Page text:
Hourly Billing Gone Wrong

May 19, 2020

From a book I strongly recommend:  The Infinite Game, by Simon Sinek:

“I used to work for a large advertising agency. After my first year at the company, leadership decided to implement time sheets. Unlike a law firm, where a lawyer may be billing their clients for the actual number of hours of work, this was a way for the company to keep track of . . . actually, no one really had any idea of the utility of the time sheets. It was just something we were told to do.

“I managed to get away with not filling out mine for months (if they were tracking how I spent my time, I saw no point in telling the company I worked 100 percent on the one client to which I was assigned). Of course, I got in trouble for not turning in my time sheets. And so, from then on, at the end of every month, I sat down with all my time sheets and filled them out in one go—in at 9:30 A.M., out at 5:30 P.M. In reality, I often came in earlier and left later. But who cares. I recall taking my time sheets to my boss for his signature. He looked them over and commented sarcastically, “You’re certainly a very consistent worker, aren’t you?” And then he signed them.

“I have to believe that the time sheets were implemented because something went wrong in accounting. Perhaps a client was overbilled for work done and demanded that the agency prove that the senior people who were promised to spend time on their account actually were the ones who spent time on the account . . . or something like that. . . .”

Was the problem really in the accounting department?

No, the problem arose because of a billing method which invites inaccuracies, abuse, and worse.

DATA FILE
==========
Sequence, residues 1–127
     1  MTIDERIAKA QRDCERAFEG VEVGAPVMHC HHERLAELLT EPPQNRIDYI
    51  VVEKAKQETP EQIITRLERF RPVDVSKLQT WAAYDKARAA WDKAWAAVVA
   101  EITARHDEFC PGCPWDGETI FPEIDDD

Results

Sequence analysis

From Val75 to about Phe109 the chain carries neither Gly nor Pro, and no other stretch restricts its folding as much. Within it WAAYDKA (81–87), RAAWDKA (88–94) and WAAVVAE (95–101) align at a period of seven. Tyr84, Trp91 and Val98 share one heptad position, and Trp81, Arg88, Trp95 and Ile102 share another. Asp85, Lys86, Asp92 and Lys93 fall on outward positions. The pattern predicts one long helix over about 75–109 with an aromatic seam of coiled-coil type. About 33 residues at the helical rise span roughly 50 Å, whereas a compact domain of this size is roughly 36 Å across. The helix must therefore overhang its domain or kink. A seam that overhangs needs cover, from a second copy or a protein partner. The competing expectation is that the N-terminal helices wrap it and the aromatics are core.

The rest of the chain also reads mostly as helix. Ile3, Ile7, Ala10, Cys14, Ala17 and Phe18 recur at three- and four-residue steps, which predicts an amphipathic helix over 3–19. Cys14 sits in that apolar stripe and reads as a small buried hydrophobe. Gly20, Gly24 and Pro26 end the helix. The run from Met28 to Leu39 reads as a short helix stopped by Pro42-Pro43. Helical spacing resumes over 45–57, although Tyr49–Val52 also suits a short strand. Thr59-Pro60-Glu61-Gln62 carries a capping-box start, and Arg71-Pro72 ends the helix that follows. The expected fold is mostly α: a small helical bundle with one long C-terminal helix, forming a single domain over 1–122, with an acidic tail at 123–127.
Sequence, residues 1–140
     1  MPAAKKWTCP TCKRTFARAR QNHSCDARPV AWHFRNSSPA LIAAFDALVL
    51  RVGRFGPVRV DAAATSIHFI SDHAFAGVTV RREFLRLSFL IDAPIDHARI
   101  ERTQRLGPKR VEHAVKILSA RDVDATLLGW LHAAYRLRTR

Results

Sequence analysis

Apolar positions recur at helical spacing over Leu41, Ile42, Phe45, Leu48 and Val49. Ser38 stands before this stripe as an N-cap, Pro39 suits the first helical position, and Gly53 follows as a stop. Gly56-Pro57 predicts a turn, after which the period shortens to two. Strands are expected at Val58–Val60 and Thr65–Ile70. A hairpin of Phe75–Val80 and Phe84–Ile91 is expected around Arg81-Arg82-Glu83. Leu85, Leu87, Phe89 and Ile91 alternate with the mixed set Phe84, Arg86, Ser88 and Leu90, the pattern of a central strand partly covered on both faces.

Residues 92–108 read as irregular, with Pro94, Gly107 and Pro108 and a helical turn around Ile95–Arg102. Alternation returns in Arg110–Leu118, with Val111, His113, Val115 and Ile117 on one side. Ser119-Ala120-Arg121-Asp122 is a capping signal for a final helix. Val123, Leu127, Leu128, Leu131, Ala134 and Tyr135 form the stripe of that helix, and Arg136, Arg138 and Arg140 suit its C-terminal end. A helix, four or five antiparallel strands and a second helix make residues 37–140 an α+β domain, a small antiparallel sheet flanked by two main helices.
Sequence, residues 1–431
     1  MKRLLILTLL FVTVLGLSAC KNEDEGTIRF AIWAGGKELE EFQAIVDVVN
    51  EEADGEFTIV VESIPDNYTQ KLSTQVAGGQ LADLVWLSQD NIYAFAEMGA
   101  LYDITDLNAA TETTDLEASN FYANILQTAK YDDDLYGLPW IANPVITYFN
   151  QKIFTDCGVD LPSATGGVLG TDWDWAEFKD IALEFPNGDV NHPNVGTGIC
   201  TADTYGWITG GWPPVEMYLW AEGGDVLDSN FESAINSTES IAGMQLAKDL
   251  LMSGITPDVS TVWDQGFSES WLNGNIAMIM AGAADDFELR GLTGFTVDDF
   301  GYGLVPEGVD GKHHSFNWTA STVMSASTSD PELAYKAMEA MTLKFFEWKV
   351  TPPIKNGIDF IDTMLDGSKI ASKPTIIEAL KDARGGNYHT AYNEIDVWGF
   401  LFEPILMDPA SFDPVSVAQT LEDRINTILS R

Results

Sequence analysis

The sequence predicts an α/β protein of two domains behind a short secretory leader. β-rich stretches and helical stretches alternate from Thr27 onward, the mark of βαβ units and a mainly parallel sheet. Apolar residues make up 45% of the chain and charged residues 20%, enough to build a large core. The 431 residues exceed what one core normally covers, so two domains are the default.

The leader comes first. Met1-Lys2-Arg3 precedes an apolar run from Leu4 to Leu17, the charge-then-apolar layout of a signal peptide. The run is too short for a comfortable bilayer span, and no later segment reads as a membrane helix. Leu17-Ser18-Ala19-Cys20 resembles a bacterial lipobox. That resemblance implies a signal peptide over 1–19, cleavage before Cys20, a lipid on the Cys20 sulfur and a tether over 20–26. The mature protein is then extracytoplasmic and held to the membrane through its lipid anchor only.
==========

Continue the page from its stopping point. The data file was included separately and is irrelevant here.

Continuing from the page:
Note that Sinek says his time sheets were fiction because he underbilled, not overbilled. The flaws in hourly billing don’t always cheat the client; they often cheat the professional sending out the bill.

This is one reason I tell professional services providers that if they are billing by the hour, by definition they are underpricing their services.

You might ask, though:  how does underbilling with a time-based billing method shortchange the client?

The problem is simple:  when the client gets that bill, they don’t necessarily know that all the hours aren’t billed. An invoice based on time invites questions like:

  • Did this work really take that much time?
  • Why does this person think they’re so special that they get to charge this much per hour?
  • (Even after being told hours have been shaved off the bill): Hmm, can I trust that the previous bills I paid were right? Future ones? Will they try to make it back on me?

All these questions are misdirected. None of them address the most central point:  did I, as the client, receive more value than what I paid in fees? Sometimes clients may start questioning a services provider who’s actually providing great value because the bill focuses attention on inputs which have nothing to do with value received.

Hourly billing is nuts, because it cheats both the client and the services provider, often simultaneously.


Photo by Heather Zabriskie on Unsplash

©Ray Business Advisors, LLC and John Ray


About me:  I’m enthusiastic about how changes in pricing strategy can significantly change profitability for a business and enhance life choices for business owners. I live this passion through Ray Business Advisors, my outside CFO and business advisory practice, in which my pricing is exclusively value-based, not hourly. I work with business owners on how they can change their pricing not just to increase their profits, but better serve the wants of their customers. Click here to learn more or call me at 404-287-2627.


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